Tobacco, and other ingredients in tobacco products, can potentially cause allergies or allergy-like symptoms.
Cigarettes and electronic cigarettes (e-cigarettes) contain thousands of chemicals, many of which can irritate the body. They may trigger allergy-like symptoms, such as watery eyes, sneezing, or wheezing. They may also cause or worsen certain conditions, such as allergic rhinitis and contact dermatitis.
This article discusses whether people can be allergic to tobacco products and explains how tobacco smoke can affect children. We also list some common allergy symptoms and explain how doctors diagnose and treat allergies.
In theory, a person could be allergic to tobacco. However, it is more likely that any allergy-like symptoms are due to the added chemicals in tobacco products.
According to the
People may develop allergies to the ingredients or additives in cigarettes and other tobacco products.
As with other allergies, symptoms may include:
Doctors typically recommend allergy testing to help identify substances that provoke an allergic reaction.
According to the American Academy of Allergy, Asthma, and Immunology (AAAAI), the most common type of allergy test is a skin prick test (SPT). This involves applying small amounts of suspected allergens onto the skin, and then pricking the skin with a tiny needle to check for an inflammatory response. Swelling at the site indicates an allergic reaction.
If a person has a suspected allergy to tobacco or other cigarette ingredients, the allergist will apply small amounts of these substances during the SPT.
Allergic rhinitis (AR) is inflammation of the nose resulting from exposure to an allergen. Symptoms may include:
- itchy nose and eyes
- nasal congestion
- a runny nose
- postnasal drip, which is a buildup of mucus in the throat
A 2021 review notes that exposure to tobacco smoke and other indoor air pollutants can significantly increase the risk of AR and worsen symptoms.
Prenatal exposure to tobacco smoke may also increase an individual’s susceptibility to AR in childhood and adulthood. A
Contact dermatitis (CD) is a type of eczema that occurs when the skin comes into contact with a particular substance. According to the United Kingdom’s National Health Service (NHS), there are two types of CD:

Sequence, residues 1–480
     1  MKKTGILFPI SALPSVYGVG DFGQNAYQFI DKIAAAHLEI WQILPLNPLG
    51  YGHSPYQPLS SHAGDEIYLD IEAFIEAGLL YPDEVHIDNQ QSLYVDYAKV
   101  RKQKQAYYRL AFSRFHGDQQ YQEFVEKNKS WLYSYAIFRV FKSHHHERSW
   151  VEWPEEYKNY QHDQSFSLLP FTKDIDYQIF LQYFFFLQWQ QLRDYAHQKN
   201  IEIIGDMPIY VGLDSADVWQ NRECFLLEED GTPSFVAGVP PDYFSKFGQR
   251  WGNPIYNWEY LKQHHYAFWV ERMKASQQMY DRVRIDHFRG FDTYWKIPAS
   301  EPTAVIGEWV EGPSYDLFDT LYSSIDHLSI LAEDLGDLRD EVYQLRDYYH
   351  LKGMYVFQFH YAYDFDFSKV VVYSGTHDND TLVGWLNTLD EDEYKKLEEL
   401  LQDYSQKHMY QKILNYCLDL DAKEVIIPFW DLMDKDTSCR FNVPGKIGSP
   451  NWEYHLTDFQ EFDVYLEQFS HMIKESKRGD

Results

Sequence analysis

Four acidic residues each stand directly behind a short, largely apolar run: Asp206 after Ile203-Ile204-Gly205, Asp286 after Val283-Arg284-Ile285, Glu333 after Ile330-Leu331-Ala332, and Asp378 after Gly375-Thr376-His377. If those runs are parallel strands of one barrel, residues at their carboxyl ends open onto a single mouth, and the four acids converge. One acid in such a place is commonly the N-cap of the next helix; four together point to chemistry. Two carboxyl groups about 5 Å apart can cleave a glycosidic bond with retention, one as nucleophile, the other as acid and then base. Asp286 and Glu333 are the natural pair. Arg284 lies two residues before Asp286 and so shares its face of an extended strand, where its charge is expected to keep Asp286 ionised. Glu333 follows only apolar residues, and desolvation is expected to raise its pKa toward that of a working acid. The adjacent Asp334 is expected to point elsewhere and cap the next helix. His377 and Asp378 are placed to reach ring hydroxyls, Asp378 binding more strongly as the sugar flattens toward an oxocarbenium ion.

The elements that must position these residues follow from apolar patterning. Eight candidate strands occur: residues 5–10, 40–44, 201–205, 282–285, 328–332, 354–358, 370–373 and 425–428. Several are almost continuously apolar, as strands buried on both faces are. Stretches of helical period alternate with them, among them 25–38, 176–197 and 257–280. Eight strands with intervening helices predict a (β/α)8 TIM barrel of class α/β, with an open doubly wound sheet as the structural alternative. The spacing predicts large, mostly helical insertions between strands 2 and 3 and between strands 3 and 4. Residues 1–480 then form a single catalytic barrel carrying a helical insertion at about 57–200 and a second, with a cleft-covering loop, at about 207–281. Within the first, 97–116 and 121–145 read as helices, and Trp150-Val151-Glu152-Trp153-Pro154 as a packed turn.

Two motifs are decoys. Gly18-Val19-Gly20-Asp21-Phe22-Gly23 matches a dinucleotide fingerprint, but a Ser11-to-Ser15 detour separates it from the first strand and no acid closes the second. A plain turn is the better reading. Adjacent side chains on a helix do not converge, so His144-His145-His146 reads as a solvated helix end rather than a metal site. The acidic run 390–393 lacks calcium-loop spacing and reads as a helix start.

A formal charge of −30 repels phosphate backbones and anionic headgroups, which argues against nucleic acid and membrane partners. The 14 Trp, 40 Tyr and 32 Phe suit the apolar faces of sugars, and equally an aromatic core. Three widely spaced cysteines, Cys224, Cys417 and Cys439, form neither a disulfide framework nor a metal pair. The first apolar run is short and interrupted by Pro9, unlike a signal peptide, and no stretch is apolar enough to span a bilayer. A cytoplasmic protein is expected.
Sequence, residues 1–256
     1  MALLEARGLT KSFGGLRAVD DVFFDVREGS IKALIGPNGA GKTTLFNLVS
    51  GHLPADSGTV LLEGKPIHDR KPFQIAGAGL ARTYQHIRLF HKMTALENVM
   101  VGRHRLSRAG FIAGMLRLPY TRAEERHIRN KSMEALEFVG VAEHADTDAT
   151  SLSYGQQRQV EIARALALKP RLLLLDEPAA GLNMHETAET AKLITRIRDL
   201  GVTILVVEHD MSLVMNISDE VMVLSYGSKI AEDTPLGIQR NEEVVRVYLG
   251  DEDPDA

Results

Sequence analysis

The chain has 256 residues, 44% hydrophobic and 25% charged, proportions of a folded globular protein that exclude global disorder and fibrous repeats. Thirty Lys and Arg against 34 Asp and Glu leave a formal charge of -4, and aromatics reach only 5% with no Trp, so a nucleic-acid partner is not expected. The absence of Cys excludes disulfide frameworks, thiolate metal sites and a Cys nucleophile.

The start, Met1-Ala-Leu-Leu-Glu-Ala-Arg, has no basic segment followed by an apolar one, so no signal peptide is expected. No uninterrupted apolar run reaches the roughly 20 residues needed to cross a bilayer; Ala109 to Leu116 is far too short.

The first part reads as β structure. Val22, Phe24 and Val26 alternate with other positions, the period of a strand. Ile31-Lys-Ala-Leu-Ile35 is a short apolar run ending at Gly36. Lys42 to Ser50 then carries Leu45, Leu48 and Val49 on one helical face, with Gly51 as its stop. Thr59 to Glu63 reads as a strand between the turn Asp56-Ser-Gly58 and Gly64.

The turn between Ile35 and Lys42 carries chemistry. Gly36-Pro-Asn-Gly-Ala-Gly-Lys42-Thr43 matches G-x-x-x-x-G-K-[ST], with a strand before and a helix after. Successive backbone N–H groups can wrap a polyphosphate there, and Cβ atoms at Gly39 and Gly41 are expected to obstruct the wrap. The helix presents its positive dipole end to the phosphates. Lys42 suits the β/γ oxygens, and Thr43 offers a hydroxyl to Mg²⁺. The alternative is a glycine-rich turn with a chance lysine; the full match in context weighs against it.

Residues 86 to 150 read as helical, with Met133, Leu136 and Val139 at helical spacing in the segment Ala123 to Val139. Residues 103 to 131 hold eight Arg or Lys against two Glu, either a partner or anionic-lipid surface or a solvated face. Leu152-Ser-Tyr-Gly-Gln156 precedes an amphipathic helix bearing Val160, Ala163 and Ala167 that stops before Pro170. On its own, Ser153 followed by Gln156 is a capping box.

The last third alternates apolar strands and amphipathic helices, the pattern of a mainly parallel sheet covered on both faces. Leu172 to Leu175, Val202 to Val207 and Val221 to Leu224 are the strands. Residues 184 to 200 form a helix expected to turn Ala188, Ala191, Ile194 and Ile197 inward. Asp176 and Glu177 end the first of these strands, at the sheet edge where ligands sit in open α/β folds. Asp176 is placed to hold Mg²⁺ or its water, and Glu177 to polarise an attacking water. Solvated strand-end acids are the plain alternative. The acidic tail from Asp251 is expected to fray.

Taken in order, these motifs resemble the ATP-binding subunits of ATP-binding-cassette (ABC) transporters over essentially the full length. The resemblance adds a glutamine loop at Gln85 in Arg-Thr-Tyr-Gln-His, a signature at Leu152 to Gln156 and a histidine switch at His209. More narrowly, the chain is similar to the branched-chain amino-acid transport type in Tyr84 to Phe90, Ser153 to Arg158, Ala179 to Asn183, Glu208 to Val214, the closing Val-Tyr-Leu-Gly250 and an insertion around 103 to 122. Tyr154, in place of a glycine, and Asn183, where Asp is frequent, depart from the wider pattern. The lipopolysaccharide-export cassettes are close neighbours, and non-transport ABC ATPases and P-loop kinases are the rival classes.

- Irritant CD: This occurs when a substance comes into direct contact with the skin, damaging its outer layers.
- Allergic CD: This occurs when a substance triggers the immune system to produce an allergic skin reaction.
The Asthma and Allergy Foundation of America (AAFA) warns that secondhand tobacco smoke can cause serious health problems in children, including:
- wheezing and coughing
- severe and frequent asthma attacks in children with asthma
- increased susceptibility to bronchitis and pneumonia
- increased susceptibility to ear infections
Research suggests that exposure to tobacco smoke in early life may also make individuals more susceptible to allergies. Medical professionals refer to this as “allergic sensitization (AS).” Doctors may test for AS using an SPT.
A 2020 study investigated the effects of tobacco smoke and other indoor air pollutants on AS in young children. Among other findings, the researchers found that children exposed to tobacco smoke and other indoor pollutants before 2 years of age were significantly more likely to demonstrate a positive SPT response compared to children with no exposure to tobacco smoke and other indoor pollutants by this age.
According to the AAFA, the best way to treat and prevent an allergy is to avoid exposure to the substance that triggers it. For people who are allergic to tobacco products’ ingredients, avoidance may include quitting smoking and vaping or limiting time around others who smoke or vape.
Avoidance of tobacco products may be more difficult for people exposed to secondhand smoke, as they have less control over their exposure.
It is theoretically possible for a person to develop an allergy to tobacco. However, the irritant chemicals in tobacco products are the most likely cause of allergy-like symptoms among smokers and people exposed to secondhand smoke.
Research suggests smoking may cause or worsen conditions that produce allergy symptoms, such as allergic rhinitis and irritant contact dermatitis. Secondhand exposure to tobacco smoke may also increase the risk of severe respiratory conditions in children.
People with a confirmed or suspected allergy to tobacco, or the ingredients in tobacco products, should avoid exposure to these products. For smokers, this may mean seeking help to quit smoking. For nonsmokers, this may mean avoiding spending time around smokers or carrying medications to prevent anaphylaxis.